Toronto Mayor Rob Ford calls media “maggots” and councillors “unemployable”

Toronto Mayor Rob Ford calls media “maggots” and councillors “unemployable”

You give a guy a pulpit and he'll use it.

Toronto Mayor Rob Ford took to the airwaves on Sunday and issued an all-out assault on members of the media and city council as he faces calls to resign following allegations he was videotaped smoking from a crack pipe.

Ford and his brother, Coun. Doug Ford, both face separate allegations surrounding drug use and weren't shy about using their Newstalk 1010 radio program to point blame at others across the city.

Rob Ford was less direct about addressing the allegations themselves. He started the show by complaining about the attention paid to the allegations made by the Toronto Star and Gawker, after reporters viewed a video allegedly showing him smoke from a crack pipe within the last six months.

“This is all ridiculous. No matter what you say, I found out to the media, you are never going to make them happy. You could give them 10 bars of gold and they could say, ‘why don’t I get 15 bars of gold.’”

Ford then called members of the media a "bunch of maggots." He followed that up by saying members of city council were "unemployable."

[ Related: Doug Ford denies Globe report that he dealt hashish in 80s ]

Ford took heat from the public after attempting to ignore the allegations for more than a week after dismissing them as "ridiculous." He was finally forced to address the public after members of his inner circle issued a public request for him to come forward.

"I do not smoke crack cocaine and I am not addicted to crack cocaine," Ford said on Friday. He did not address his history with drugs on Friday or during his Sunday radio program.

When a caller asked directly whether it is Ford seen in the video reported on by Gawker and the Star, Ford sidestepped the question.

"There is no video, so that's all I can say. You can't comment on something that doesn't exist," he said.

An article in the Globe and Mail on Saturday alleged that Doug Ford was a big-time dealer of hashish in his youth. He was quick to reject those accusations and claimed suggestions that he dealt drugs in Etobicoke was an outright lie. "I was not a dealer of hashish in the 1980s," he said.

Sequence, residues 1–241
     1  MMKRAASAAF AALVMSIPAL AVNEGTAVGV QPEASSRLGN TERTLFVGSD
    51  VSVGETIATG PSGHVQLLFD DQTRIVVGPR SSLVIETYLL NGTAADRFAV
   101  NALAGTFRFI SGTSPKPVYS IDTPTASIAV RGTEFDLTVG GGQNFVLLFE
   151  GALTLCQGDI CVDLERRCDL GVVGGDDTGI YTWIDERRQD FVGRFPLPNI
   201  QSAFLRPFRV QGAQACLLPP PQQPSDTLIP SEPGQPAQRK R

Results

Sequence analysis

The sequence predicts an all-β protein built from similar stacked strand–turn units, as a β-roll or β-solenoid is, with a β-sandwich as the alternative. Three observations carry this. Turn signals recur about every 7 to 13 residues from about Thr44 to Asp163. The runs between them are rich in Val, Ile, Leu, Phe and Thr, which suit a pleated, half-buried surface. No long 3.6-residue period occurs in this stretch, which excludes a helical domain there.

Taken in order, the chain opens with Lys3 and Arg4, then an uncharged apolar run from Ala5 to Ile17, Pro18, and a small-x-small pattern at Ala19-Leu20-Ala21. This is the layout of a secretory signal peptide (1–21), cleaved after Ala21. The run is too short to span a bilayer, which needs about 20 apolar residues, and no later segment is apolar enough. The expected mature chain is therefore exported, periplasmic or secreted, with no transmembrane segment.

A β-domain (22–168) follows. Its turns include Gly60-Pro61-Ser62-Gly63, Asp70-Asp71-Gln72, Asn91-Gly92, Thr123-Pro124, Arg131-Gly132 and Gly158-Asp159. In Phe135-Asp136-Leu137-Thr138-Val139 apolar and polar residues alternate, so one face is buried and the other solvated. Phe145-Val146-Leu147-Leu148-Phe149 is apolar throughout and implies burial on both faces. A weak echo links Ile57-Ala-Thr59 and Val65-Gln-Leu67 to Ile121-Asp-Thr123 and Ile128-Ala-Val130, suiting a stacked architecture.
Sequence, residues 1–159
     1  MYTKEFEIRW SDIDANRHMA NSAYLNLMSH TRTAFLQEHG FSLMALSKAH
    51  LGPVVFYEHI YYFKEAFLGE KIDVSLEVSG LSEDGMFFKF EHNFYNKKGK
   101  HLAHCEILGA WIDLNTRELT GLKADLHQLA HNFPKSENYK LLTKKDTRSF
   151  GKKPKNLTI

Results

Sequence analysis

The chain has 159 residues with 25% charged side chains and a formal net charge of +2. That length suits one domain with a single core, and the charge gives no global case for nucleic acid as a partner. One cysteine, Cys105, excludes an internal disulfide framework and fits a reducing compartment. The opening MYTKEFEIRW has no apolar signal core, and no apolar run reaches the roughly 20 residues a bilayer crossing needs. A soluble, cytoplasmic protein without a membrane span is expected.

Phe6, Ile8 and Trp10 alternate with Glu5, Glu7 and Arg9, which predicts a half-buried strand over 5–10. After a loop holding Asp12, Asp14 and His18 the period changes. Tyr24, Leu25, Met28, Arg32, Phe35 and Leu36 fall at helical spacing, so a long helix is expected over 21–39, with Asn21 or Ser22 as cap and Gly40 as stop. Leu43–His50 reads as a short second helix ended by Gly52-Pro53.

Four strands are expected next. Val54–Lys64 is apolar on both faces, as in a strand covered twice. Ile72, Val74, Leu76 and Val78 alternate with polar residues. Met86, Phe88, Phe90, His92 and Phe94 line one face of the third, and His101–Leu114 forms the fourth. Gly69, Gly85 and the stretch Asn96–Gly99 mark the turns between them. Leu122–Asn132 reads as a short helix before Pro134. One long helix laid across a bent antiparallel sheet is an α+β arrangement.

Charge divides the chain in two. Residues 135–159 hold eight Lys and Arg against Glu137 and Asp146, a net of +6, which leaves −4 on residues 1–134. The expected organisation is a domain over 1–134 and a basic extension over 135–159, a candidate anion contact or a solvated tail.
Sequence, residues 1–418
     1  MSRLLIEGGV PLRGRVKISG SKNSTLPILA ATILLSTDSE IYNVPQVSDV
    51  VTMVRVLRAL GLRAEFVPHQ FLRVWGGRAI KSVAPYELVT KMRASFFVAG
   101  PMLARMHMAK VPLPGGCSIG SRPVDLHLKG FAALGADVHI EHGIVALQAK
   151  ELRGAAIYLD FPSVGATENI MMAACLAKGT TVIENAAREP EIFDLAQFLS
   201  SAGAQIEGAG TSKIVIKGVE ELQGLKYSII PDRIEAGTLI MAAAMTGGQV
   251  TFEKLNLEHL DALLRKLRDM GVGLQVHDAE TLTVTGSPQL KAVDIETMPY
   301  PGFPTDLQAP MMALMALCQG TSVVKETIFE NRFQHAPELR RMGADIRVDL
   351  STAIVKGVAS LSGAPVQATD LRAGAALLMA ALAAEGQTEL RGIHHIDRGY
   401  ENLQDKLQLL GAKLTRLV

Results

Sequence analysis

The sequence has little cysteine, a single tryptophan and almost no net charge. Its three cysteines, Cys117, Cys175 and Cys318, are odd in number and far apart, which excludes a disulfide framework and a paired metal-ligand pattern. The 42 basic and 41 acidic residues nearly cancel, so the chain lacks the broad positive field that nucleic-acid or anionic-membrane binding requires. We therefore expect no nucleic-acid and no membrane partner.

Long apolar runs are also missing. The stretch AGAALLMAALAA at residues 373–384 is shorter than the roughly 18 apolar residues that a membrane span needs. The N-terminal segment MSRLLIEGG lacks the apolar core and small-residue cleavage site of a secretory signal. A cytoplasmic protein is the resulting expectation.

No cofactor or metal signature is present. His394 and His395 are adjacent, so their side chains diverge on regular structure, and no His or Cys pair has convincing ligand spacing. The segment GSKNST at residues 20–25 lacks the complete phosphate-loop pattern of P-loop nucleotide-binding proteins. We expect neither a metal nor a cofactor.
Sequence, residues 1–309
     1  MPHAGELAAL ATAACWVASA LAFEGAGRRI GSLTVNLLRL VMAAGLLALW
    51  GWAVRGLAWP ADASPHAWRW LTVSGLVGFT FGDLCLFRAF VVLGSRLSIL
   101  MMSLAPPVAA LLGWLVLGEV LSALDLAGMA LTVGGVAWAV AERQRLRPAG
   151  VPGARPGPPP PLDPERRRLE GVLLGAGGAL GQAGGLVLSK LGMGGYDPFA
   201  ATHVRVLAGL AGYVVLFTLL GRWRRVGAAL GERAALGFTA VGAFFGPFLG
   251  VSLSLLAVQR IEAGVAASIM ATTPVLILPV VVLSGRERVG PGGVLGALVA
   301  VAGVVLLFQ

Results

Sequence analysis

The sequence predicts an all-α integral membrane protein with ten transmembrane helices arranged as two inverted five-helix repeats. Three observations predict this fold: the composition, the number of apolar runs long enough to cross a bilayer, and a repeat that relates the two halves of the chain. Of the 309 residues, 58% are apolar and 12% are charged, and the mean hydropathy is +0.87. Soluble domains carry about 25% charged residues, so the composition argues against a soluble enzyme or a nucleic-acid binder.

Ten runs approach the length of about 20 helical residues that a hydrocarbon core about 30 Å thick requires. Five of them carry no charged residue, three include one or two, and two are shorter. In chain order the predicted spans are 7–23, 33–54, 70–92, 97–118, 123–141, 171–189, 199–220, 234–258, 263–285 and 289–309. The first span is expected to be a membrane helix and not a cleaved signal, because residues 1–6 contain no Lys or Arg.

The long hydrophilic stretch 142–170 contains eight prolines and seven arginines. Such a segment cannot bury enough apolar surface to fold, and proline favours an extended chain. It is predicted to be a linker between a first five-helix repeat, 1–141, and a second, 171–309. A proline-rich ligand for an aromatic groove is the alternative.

Doug Ford admitted to smoking hash during that time, but said he no longer does drugs or even drinks.

[ More Brew: Toronto Mayor Rob Ford finally denies using crack cocaine ]

The Ford brothers spoke on a couple of other issues that have come to light over the past week, including the firing of Ford's chief of staff and being removed as a volunteer coach of a Toronto Catholic high school.

Here is what they said:

On the firing of chief of staff Mark Towhey, reportedly dismissed after telling the mayor to "seek help," Rob Ford said they would not discuss personnel moves but wished him luck in the private sector. "The guy is a warrior," Doug Ford added.

On Ford being dismissed as the coach of the Don Bosco Eagles, Ford said he wished the kids luck in the future. When asked if he would coach again, he said: "If a school comes along and offers me a job somewhere, I'll consider it."

On a vote that killed the idea of building a casino in downtown Toronto, or expanding gaming at Woodbine Racetrack, Ford read out the names of those who voted against the plan and accused them of "playing politics."

On his focus for the next election (in 2014), Ford said resurrected old promises, vowing to cut the land transfer tax by 10 per cent and said he wants to cut the size of council from 44 members to 22. "The less people you have down there, the quicker you get things done," Doug Ford added.

On whether the Fords felt they have done anything wrong, Doug Ford said, "call the election. Let's get rolling. There is only one way to resolve any issue: Go to the people, let the people have their voice."